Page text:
Seasonal: George
Joon Paris–Charles de Gaulle (ends 27 June 2019)[13]
Kenya Airways Nairobi–Jomo Kenyatta1
KLM Amsterdam
Kulula.com Durban, Johannesburg–Lanseria, Johannesburg–O. R. Tambo
Lufthansa Frankfurt
Seasonal: Munich
Mango Bloemfontein, Durban, Johannesburg–Lanseria, Johannesburg–O. R. Tambo, Port Elizabeth
Qatar Airways Doha
Rwandair Harare 2, Kigali
Singapore Airlines Singapore3
South African Airways Johannesburg–O. R. Tambo
South African Express Bloemfontein, Durban, East London, Hoedspruit, Walvis Bay[16]
TAAG Angola Airlines Luanda
Thomas Cook Airlines Seasonal: London–Gatwick
Turkish Airlines Istanbul
United Airlines Seasonal: Newark (begins 16 December 2019)[17]
Westair Aviation Windhoek-Eros4


Notes
  • ^1 : This flight operates via Victoria Falls/Livingstone.
  • ^2 : This flight operates via Harare. Rwandair has full traffic rights to transport passengers between Harare and Cape Town.
  • ^3 : This flight operates via Johannesburg. However this carrier does not have rights to transport passengers solely between Cape Town and Johannesburg.
  • ^4 : This flight continues to Oranjemund. However, this carrier does not have rights to transport passengers solely between Cape Town and Oranjemund.
  • ^5 : Operations of CemAir supended since Dec 2018[18].

StatisticsEdit

Passenger trafficEdit

Annual passenger traffic for Cape Town International Airport[19]
Fiscal year International Regional Domestic Unscheduled Total
Passenger movements % Change Passenger movements % Change Passenger movements % Change Passenger movements % Change Passenger movements % Change
2004–05 1,176,958 no data 126,837 no data 4,895,048 no data 16,060 no data 6,214,903 no data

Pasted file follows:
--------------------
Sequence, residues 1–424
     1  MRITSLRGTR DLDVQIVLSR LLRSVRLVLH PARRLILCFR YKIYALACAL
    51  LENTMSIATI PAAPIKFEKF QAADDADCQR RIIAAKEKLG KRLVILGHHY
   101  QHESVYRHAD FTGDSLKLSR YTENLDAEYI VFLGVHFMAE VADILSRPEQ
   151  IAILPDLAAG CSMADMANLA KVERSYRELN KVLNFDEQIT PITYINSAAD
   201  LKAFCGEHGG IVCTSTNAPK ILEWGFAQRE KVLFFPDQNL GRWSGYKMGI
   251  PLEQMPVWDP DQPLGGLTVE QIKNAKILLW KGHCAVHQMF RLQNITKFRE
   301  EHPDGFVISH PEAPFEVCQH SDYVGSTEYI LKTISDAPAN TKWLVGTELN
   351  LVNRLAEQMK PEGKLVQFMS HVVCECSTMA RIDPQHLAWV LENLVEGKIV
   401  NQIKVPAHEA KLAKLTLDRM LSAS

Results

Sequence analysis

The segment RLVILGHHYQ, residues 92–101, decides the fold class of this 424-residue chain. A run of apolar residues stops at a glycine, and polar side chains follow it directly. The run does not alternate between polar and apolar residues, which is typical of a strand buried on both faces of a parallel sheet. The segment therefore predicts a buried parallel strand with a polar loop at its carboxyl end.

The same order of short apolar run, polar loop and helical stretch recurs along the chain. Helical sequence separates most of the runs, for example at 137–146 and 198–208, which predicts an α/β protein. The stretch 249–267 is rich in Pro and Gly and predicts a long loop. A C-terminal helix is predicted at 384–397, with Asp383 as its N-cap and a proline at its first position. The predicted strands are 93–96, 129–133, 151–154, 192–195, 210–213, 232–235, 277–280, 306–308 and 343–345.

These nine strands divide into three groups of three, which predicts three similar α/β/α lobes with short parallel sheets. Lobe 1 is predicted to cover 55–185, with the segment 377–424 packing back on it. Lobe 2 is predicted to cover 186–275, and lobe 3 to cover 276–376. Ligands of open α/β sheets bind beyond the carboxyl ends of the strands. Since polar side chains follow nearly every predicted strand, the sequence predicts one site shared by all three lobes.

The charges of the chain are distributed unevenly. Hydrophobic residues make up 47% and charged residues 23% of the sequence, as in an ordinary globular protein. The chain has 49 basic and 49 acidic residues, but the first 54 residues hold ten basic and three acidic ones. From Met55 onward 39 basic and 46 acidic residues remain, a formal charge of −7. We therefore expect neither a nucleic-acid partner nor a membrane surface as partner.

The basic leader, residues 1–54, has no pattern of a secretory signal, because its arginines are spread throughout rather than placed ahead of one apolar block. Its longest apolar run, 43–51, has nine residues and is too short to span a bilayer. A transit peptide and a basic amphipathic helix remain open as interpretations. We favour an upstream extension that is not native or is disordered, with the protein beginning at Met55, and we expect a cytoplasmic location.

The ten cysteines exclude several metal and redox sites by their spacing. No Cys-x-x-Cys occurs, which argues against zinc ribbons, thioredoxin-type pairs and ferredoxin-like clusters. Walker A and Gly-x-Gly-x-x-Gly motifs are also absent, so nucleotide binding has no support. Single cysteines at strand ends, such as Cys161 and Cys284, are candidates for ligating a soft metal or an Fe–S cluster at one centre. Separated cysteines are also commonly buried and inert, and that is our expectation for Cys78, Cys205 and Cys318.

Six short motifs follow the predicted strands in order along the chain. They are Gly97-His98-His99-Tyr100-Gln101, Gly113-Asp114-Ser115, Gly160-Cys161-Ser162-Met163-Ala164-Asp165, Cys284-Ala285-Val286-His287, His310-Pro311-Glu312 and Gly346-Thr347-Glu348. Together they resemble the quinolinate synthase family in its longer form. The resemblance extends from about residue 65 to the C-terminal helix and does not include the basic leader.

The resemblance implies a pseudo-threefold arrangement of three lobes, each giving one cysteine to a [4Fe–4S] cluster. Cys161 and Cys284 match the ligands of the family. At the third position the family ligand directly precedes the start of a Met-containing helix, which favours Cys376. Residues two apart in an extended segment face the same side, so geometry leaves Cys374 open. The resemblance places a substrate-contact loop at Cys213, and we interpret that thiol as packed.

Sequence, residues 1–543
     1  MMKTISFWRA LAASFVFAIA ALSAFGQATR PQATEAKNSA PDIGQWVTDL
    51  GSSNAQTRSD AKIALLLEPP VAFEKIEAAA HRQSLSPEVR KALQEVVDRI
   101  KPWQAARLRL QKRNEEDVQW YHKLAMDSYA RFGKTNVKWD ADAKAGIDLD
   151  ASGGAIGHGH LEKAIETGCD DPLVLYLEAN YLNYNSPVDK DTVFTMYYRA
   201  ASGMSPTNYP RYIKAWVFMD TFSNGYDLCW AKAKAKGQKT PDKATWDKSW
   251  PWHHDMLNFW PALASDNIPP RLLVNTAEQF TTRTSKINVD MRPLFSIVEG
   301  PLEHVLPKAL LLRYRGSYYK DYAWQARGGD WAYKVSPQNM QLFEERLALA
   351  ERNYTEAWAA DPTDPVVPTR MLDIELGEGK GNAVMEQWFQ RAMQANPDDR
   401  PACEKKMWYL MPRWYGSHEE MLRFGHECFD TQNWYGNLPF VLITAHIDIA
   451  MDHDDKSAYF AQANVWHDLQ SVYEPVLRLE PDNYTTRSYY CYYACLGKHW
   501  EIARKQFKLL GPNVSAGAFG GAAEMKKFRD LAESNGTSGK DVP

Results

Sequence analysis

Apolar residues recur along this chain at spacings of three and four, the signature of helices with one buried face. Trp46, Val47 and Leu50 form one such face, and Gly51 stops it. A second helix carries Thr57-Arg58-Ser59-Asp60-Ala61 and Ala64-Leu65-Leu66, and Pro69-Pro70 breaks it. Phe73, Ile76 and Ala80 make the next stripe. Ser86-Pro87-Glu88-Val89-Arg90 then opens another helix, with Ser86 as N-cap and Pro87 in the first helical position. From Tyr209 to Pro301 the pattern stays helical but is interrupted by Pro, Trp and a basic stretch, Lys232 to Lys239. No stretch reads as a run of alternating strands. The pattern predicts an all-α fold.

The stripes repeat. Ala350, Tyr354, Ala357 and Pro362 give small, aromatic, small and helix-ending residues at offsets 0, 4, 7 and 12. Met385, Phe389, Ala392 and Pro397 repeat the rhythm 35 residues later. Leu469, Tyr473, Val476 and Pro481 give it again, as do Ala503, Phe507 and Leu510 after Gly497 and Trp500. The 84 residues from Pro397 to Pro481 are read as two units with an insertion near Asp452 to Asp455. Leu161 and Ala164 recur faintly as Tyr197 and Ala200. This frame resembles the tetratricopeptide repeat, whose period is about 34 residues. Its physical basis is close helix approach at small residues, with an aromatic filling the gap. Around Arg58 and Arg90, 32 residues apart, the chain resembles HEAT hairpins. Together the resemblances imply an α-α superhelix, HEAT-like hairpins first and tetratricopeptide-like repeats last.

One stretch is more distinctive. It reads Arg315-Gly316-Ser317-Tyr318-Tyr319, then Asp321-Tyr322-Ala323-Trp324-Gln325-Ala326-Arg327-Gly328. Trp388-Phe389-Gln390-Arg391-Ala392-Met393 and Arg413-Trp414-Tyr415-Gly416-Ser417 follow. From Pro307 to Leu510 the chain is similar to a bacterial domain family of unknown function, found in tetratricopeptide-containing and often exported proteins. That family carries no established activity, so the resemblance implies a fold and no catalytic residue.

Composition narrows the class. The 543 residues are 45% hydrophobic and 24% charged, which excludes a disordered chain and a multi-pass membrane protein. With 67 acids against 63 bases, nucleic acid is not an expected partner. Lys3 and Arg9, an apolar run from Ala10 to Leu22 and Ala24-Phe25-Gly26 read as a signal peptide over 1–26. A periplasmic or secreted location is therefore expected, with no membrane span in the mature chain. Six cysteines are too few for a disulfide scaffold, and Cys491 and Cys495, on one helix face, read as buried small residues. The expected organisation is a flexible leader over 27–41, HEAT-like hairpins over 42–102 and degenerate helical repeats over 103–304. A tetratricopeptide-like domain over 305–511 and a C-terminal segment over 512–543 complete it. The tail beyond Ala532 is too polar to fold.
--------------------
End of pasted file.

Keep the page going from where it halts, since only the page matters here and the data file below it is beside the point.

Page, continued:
2005–06 1,167,661  0.8% 149,489  17.9% 5,503,690  12.4% 13,333  17.0% 6,834,173  10.0%
2006–07 1,246,016  6.7% 147,885  1.1% 6,107,405  11.0% 17,237  29.3% 7,518,543  10.0%
2007–08 1,309,822  5.1% 145,858  1.4% 6,950,061  13.8% 20,877  21.1% 8,426,618  12.1%
2008–09 1,378,160  5.2% 138,000  5.4% 6,283,132  9.6% 13,878  33.5% 7,813,170  7.3%
2009–10 1,284,990  6.8% 122,584  11.2% 6,391,079  1.7% 11,416  17.7% 7,810,069  0.0%
2010–11 1,261,024  1.9% 122,609  0.0% 6,781,143  6.1% 35,771  213% 8,200,547  5.0%
2011–12 1,400,487  11.1% 133,280  8.7% 7,028,669  3.7% 13,902  157% 8,576,338  4.6%
2012–13 1,325,481  5.4% 144,148  8.2% 6,951,577  1.1% 13,593  2.2% 8,434,799  1.7%
2013-14 1,355,524  2.3% 143,356  0.7% 6,879,919  1.0% 14,190  4.4% 8,392,989  0.5%
2014-15 1,452,360  7.1% 150,602  5.1% 7,142,907  3.9% 10,003  41.9% 8,755,872  4.3%
2015-16 1,564,464  7.7% 179,775  19.4% 7,902,362  10.6% 12,988  29.8% 9,659,589  10.3%
2016-17 1,934,641  23.7% 197,437  9.8% 8,067,516  2.1% 11,796  9.2% 10,211,390  5.7%
2017-18 2,243,367  16% 208,903  5.8% 8,286,618  2.7% 13,358  13.2% 10,752,246  5.3%

Aircraft movementsEdit

Annual aircraft movements for Cape Town International Airport[20]
Fiscal year International Regional Domestic Unscheduled Total
Aircraft movements % Change Aircraft movements % Change Aircraft movements % Change Aircraft movements % Change Aircraft movements % Change
2004–05 4,355 no data 4,242 no data 56,810 no data 27,154 no data 92,561 no data
2005–06 4,296  1.4% 4,169  1.7% 58,099  2.3% 22,326  17.8% 88,890  4.0%
2006–07 4,623  7.6% 3,698  11.3% 60,470  4.1% 22,602  1.2% 91,393  2.8%
2007–08 5,019  8.6% 3,420  7.5% 69,819  15.5% 24,027  6.3% 102,285  11.9%
2008–09 5,638  12.3% 3,340  2.3% 65,623  6.0% 21,042  12.4% 95,643  6.5%
2009–10 4,884  13.4% 3,296  1.3% 65,020  0.9% 19,379  7.9% 92,579  3.2%
2010–11 4,868  0.3% 3,137  4.8% 66,587  2.4% 19,031  1.8% 93,623  1.1%
2012–13 4,906  0.8% 3,557  4.8% 62,065  6.7% 18,545  1.8% 89,073  4.9%
2013–14 4,961  1.1% 2,855  4.8% 60,665  2.3% 20,092  1.8% 88,573  0.6%
2014–15 5,091  2.6% 3,135  4.8% 64,269  5.9% 18,651  1.8% 91,146  2.9%
2015–16 5,568  9.4% 4,783  4.8% 70,731  10% 19,139  1.8% 100,221  10%
2016–17 7,121  27.9% 5,048  4.8% 71,081  0.5% 16,087  1.8% 99,337  0.9%
2017–18 9,206  29.3% 5,048  4.8% 72,110  1.4% 16,252  1.8% 103,001  3.7%

Ground transportEdit

CarEdit

Cape Town International Airport is approximately 20 kilometres (12 mi) from the city centre and is accessible from the N2 freeway, with Airport Approach Road providing a direct link between the N2 (at exit 16) and the airport. The airport can also be indirectly accessed from the R300 freeway via the M12, M10 and M22.